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EUREN members answer:
What will be the impact of the pandemic on the EU and Russia?
Part 3: Common and contested neighbourhood

The COVID-19 pandemic has changed our lives beyond recognition. It has disrupted relations within and between states and societies throughout the world, including between the EU and Russia. Moreover, the virus fully absorbs peoples' minds and leaves little space for the reflection about the post-pandemic future.

The EU-Russia Expert Network is in a unique place to start such a reflection process. Over the coming weeks our members will discuss here how the pandemic impacts on the EU and Russia. How will it change the fabric of their political, economic and societal relations? How will it affect their common and contested neighbourhood and their international context? What can and should both sides do to control the damage and prepare for a future that is likely to be quite different from what we imagined just a few weeks ago?

The COVID-19 pandemic is absorbing political attention and economic resources in both the EU and Russia, which will affect foreign policy capacities and priorities. What does this mean for Russian and EU policies in the common and contested neighbourhood? What are the prospects for the EU's Eastern Partnership Policy? What are the consequences for the Eurasian Economic Union and other integration structures within the post-Soviet space that are backed by Russia? Will the pandemic ease or aggravate EU-Russian competition for this geographical area?

DMITRY DANILOV | Institute of Europe, Russian Academy of Sciences, Moscow :

Unlike the financial and economic crisis of 2008, the COVID-19 pandemic fosters de-globalization and fragmentation. In the six years since 2014, Russia and the EU have not been able to overcome the confrontational degradation in their relations. This is largely related to their rivalry in the "common neighborhood". In the current COVID-19 turbulence, both sides are preoccupied with internal consolidation, and do not consider the pandemic as a window of opportunity for rapprochement.

Many in the EU continue to insist that Moscow is a destabilizing factor that negatively affects European cohesion. The formula that "the EU must focus on winning hearts and minds" to survive requires a particular steadfastness in counteracting Russian assertiveness.

Russia strives to prevent the erosion of Eurasian integration and its leading position in it. The May 19 summit of the Eurasian Economic Union demonstrated, however, how difficult it is for its member states to find an agreement. This forces Russia to zoom in on risk factors for Eurasian integration projects, including the EU's Eastern Partnership policy (EaP).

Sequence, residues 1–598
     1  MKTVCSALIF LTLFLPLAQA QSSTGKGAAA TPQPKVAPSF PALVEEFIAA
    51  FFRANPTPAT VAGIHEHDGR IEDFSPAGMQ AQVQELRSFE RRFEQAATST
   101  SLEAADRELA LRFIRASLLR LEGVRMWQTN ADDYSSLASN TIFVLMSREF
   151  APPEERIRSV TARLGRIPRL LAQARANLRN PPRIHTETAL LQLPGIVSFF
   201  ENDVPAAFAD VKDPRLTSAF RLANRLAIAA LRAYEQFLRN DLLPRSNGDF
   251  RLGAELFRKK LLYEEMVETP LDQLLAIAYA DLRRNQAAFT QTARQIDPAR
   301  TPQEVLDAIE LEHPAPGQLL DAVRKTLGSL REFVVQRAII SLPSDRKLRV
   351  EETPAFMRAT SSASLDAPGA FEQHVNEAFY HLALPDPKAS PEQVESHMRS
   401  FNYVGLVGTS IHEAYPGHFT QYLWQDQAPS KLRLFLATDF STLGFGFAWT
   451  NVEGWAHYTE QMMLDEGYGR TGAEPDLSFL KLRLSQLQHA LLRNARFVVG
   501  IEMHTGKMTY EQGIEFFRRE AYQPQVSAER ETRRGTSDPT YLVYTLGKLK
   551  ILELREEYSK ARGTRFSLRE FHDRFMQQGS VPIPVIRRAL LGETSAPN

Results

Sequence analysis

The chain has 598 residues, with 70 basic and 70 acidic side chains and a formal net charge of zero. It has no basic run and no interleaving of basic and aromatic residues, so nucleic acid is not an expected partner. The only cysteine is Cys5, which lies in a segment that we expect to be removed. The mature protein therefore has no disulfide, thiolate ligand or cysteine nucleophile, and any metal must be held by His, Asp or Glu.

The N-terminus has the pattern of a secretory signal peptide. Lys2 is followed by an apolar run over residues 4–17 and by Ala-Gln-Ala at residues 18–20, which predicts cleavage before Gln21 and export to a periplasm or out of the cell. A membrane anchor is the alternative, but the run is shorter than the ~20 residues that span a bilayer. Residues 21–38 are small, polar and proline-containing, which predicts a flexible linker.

At the same time, the pandemic has interrupted strategic policies towards the region. This includes the EU's pursuit of stronger relations with its Eastern partners and the Central Asian countries - which is also part of the "Five guiding principles" for the EU's policy towards Russia. The rather technocratic conclusions of the May 2020 EU Council about the EaP underlined the EU's restraint under the multifaceted pressure of the pandemic.

Moscow, too, is preoccupied with its domestic stability while carrying out a "big" constitutional reform. It strives to curb external risks, such as unfavorable financial and economic conditions, problems in the relations with its Eurasian partners and the confrontational inertia with NATO and the US. The wait and see attitude that Moscow and Brussels are forced to take reduces the prospects of what the EU calls "selective engagement", which should include structured political dialogue, including on the Minsk Agreements and other post-Soviet protracted conflicts.

The EU and Russia undertake simultaneous but separate efforts to ensure internal stability, political cohesion and their respective integration efforts in their contested "common neighbourhood". This is likely to increase the risk of geopolitical competition. Moreover, with their centers of gravity shifting towards the increasingly confrontational great powers China and the US, Moscow and Brussels will see each other less and less as potential partners, especially in their space of "common rivalry".

LAURE DELCOUR | University Paris 3 — Sorbonne Nouvelle, Paris :

The EU's Eastern Partnership policy is unlikely to become substantially more ambitious in the years to come. This is not a consequence of the pandemic, but rather of a policy shift in the mid-2010s, following the ENP review. It does not mean, however, that the EU will scale back its involvement in the region.